An HIV vaccine could substantially impact the epidemic. However, risk compensation (RC), or post-vaccination increase in risk behavior, could present a major challenge. The methodology used in previous studies of risk compensation has been almost exclusively individual-level in focus, and has not explored how increased risk behavior could affect the connectivity of risk networks. This study examined the impact of anticipated HIV vaccine-related RC on the structure of high-risk drug users' sexual and injection risk network.
A sample of 433 rural drug users in the US provided data on their risk relationships (i.e., those involving recent unprotected sex and/or injection equipment sharing). Dyad-specific data were collected on likelihood of increasing/initiating risk behavior if they, their partner, or they and their partner received an HIV vaccine. Using these data and social network analysis, a "post-vaccination network" was constructed and compared to the current network on measures relevant to HIV transmission, including network size, cohesiveness (e.g., diameter, component structure, density), and centrality.
Participants reported 488 risk relationships. Few reported an intention to decrease condom use or increase equipment sharing (4% and 1%, respectively). RC intent was reported in 30 existing risk relationships and vaccination was anticipated to elicit the formation of five new relationships. RC resulted in a 5% increase in risk network size (n = 142 to n = 149) and a significant increase in network density. The initiation of risk relationships resulted in the connection of otherwise disconnected network components, with the largest doubling in size from five to ten.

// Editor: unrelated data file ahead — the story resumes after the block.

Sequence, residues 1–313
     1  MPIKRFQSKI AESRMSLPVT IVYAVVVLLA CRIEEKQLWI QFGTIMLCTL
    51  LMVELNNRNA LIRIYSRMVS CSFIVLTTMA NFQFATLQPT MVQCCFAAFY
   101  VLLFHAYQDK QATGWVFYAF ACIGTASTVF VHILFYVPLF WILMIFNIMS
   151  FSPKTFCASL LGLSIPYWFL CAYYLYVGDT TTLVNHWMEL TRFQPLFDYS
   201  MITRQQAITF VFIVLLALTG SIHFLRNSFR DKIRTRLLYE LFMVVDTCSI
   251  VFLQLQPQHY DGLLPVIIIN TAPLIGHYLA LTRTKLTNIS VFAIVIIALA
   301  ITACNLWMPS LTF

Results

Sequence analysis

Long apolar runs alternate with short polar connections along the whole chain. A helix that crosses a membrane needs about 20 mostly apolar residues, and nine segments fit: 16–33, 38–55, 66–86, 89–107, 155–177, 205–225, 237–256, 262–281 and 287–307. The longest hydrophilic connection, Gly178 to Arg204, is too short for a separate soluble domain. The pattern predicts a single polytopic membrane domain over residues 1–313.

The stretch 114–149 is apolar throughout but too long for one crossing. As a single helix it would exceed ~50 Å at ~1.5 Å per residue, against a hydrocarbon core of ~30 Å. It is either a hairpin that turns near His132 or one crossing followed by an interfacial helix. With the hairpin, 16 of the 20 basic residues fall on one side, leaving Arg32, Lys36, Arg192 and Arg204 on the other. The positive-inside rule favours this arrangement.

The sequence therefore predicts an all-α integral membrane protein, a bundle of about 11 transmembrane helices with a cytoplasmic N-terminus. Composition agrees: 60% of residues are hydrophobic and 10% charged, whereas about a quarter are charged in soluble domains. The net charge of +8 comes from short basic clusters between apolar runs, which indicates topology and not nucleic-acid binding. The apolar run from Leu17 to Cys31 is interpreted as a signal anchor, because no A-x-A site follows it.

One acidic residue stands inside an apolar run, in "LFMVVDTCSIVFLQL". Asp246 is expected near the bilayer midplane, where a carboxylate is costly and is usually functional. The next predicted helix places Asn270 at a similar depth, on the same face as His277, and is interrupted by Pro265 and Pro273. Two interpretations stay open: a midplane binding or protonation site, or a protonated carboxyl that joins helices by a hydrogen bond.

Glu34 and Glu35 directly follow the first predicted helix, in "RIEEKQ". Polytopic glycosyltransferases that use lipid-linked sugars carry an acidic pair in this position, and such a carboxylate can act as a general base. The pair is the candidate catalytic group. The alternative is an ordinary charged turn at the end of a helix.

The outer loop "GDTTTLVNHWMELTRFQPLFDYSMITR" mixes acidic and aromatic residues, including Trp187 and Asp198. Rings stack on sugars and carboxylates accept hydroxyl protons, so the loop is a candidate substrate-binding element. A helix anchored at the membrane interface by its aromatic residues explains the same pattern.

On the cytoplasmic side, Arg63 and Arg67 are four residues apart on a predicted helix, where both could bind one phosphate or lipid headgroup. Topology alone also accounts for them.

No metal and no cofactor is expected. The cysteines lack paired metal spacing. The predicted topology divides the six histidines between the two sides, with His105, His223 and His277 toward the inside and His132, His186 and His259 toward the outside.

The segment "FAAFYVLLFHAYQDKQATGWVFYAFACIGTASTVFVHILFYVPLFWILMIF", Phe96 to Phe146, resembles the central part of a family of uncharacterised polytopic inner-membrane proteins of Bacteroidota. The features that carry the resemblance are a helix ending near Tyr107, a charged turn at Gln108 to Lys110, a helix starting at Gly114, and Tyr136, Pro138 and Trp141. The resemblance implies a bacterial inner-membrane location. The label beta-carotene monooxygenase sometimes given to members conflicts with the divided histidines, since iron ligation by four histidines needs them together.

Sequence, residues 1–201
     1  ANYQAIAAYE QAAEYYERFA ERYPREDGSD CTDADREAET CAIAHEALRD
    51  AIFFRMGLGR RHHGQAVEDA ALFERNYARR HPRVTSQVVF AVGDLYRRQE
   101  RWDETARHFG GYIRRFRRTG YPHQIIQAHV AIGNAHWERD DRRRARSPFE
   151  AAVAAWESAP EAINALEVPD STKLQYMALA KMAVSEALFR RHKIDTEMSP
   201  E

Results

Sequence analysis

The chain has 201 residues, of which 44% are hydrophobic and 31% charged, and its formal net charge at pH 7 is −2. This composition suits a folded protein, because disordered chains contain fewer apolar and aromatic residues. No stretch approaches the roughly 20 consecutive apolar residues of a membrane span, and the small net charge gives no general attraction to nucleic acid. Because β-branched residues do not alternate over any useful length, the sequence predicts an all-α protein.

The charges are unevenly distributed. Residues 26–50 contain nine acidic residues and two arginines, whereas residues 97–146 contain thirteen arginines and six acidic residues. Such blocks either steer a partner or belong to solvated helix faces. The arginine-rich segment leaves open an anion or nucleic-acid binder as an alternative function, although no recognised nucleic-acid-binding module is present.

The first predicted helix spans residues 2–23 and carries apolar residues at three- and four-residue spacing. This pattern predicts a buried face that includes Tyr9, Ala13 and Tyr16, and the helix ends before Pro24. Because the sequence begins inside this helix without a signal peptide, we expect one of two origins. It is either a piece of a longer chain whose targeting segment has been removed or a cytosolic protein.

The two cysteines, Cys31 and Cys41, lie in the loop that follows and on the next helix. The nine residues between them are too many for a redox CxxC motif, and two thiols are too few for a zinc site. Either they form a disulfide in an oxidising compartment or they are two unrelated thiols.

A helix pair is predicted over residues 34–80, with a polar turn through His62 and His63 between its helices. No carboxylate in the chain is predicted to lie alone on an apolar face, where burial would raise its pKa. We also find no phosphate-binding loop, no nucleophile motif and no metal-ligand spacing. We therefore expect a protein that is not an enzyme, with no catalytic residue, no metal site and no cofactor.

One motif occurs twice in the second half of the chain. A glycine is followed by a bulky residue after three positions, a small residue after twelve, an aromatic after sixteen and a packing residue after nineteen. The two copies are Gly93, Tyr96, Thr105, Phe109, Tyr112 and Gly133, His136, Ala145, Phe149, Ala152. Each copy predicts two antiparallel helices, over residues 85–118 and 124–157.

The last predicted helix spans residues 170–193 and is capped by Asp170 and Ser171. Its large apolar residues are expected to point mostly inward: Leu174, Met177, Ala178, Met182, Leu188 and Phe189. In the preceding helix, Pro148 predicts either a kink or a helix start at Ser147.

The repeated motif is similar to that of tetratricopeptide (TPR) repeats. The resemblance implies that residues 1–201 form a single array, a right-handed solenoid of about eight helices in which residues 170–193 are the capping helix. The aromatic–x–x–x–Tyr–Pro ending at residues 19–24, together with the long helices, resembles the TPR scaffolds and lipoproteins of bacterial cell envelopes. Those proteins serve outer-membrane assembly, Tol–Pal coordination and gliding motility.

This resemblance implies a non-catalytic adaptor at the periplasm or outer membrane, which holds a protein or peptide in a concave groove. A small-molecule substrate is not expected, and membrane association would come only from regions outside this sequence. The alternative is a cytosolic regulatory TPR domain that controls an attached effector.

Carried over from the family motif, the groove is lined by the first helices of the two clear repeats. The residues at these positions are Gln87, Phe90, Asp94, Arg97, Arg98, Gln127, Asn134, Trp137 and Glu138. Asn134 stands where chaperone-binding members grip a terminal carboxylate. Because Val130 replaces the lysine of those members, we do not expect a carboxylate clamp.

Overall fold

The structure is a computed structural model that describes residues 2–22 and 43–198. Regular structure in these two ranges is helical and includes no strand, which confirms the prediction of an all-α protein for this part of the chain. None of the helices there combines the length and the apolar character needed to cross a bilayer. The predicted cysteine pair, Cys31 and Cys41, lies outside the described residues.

This study demonstrates a new methodological approach to studying RC and reveals that behavior change following HIV vaccination could potentially impact risk network connectivity. These data will be valuable in parameterizing future network models that can determine if network-level change precipitated by RC would appreciably impact the vaccine's population-level effectiveness.